I don’t think there’s a connection between art and suffering per se, but considering the number of (moderately successful) writers I’ve met who have psychiatric disorders but say going on medication robbed them of their creativity and ability to write, I do think there’s some kind of connection between art and psychiatric disorder. The problem is less with the existence of the connection than with the fetishization by society of the concept of “suffering artists,” which creates the problem mentioned in the article of artists going out and trying to suffer.

    The medical analogy would be autism and sensory processing disorder: while the most well-known form of autism involves major sensory issues and vice versa, it’s completely possible to have one or the other separately; there’s just a sufficiently heavy overlap that there’s assumed to be some kind of connection between the two, but it’s way too complicated and with too many factors to have any idea what that connection is yet, especially since each also shows up in people without the other.

  9. says

    Amy McCabe, ah, so that’s where the two-week window idea comes from. But it still is just absurd the way they’re trying to apply it.

    Ara, I think the fallacy is in assuming a cause and effect connection (not saying you were doing that, just following from your point). I don’t think any mental illnesses lead to creativity, partly because that just doesn’t track. I’ve known loads of mentally ill people who weren’t creative at all, and loads of creative people who were happy and well-adjusted. I think the connection is actually fairly convoluted:

    –Creative people are different, and this isn’t a world that tolerates difference well. Therefore, just being a creative person can cause a degree of depression/frustration, unless you have a very solid base of emotional support.
    –”Different” people are more likely to be diagnosed with psychiatric issues.
    –Mentally ill people are different, and the intolerance they encounter can compound their symptoms – i.e., you’re already depressed when someone decides to treat you like shit for being depressed.
    –”Different” people frequently need to find innovative ways to navigate life.
    –Ergo, if you’re “different”, you will be pushed to be as creative as you can be.

    So, having a mental health issue can indirectly push you to be creative, by exposing you to intolerance and thereby forcing you to try new ways of getting along in a world that’s fairly hostile at best and out to kill you at worst. But I think it’s at least as common that creative people suffer because people are shitty to them, and of course that’s going to cause depression or anxiety. It might also trigger disorders like schizophrenia (correct me if I’m wrong, anyone; going off things I’ve read), which ARE biochemical, but the onset seems to be triggered by various things including, possibly, stress/trauma.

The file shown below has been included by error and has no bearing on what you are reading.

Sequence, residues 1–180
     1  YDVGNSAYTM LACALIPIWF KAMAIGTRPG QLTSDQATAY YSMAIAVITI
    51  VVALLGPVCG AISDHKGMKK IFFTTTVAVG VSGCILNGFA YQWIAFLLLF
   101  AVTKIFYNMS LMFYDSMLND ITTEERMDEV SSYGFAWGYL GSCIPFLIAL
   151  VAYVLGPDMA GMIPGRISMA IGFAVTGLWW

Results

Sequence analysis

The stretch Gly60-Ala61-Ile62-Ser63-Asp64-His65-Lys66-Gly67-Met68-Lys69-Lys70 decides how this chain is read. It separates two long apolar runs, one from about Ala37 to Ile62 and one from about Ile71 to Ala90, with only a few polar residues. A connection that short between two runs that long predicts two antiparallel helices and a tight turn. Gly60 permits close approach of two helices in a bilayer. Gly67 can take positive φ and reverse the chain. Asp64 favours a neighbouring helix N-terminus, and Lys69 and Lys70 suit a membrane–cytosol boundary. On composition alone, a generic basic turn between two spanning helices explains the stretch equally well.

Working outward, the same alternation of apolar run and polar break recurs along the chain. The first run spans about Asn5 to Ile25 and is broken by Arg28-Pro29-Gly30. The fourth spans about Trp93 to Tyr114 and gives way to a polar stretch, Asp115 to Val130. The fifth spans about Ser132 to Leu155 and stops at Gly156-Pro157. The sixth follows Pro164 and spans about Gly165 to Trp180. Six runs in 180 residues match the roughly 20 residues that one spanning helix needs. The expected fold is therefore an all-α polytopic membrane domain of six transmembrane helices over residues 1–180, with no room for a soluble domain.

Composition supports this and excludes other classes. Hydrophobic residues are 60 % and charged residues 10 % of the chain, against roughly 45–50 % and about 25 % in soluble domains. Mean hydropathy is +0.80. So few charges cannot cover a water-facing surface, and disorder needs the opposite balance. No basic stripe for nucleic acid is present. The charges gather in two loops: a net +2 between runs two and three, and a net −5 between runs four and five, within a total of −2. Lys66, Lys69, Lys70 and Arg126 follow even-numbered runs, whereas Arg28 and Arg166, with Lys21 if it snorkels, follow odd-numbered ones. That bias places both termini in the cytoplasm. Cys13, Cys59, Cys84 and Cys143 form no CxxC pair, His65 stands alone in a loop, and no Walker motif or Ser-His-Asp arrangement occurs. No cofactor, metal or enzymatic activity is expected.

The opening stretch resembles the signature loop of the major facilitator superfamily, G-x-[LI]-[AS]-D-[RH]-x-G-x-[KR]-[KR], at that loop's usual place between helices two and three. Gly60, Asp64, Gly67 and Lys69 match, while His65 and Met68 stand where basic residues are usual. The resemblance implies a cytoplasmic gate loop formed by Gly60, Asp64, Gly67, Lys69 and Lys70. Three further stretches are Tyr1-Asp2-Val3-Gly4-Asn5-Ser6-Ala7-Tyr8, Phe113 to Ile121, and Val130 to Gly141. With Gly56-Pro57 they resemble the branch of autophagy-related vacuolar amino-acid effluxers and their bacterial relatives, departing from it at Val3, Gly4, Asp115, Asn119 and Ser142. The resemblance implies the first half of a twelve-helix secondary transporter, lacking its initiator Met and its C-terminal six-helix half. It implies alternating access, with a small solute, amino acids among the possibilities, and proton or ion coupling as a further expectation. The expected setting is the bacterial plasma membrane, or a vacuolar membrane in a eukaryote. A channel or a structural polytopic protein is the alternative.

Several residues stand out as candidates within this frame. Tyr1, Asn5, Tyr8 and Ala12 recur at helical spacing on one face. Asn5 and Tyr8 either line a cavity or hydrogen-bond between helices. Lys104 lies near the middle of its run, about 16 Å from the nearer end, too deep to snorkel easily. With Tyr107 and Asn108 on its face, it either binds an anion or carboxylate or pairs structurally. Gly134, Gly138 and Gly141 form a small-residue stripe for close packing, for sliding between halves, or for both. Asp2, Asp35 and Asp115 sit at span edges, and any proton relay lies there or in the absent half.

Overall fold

It’s important to note the difference, because the assumption that mental illness leads to creativity is part of why creative people have been institutionalized, imprisoned and even killed by societies that saw them as a threat. It’s also reinforcing the idea that mentally ill people are inherently “weird.”

  10. says

    Jennifer Kesler,

    That’s an interesting theory, Jennifer; how do you account for the point Ara made about psychiatric medication often reducing creativity? That wouldn’t happen if this was a purely social phenomenon. Medication does not automatically make one “normal”, in fact some feel it makes them less able to function.

  11. Alara Rogers says

    Why should a Republican lawmaker not be tortured for an equal amount of time, you know, to prevent someone murdering him?

    yes. Republican lawmakers who are going in for life-saving surgery should be denied anesthetic, because, you know, anesthesia can kill you! If what’s most important is preserving life and not preventing suffering, then why add the complication of depressing the central nervous system with chemical sedation during a time of stress like open heart surgery?

    Except, unfortunately, Republicans actually *are* also against appropriate pain medication for the sick and dying, because god knows, it’s more important to keep one black guy from getting high than to save 100 people of varied races from excruciating pain as they die from cancer or suffer pain disorders like fibromyalgia. (It is not at all important to prevent white guys from getting high, at least if they are rich influential Republicans, so Rush Limbaugh hasn’t seen jail time.)

  12. Alara Rogers says

    Sylvia Sybil,

    Because psychoactive medication has psychoactive effects.

    Depression is a “natural” biochemical process. It’s one that makes you suffer and can kill you, so it’s important to shut it down. But the same drugs that shut it down can have other effects on the brain that are not intended. Thus, any psychoactive medication *could* have the potential of interfering with a person’s creativity, not because it helps them with their depression or their schizophrenia, but because in the process of helping them it also inhibits *other* brain processes. I mean, Paxil completely shut down my sex drive, and no one argues that anxiety and suicidal depression makes people more libidinous. Prozac made me gain weight, and no one argues that depression helps you slim down.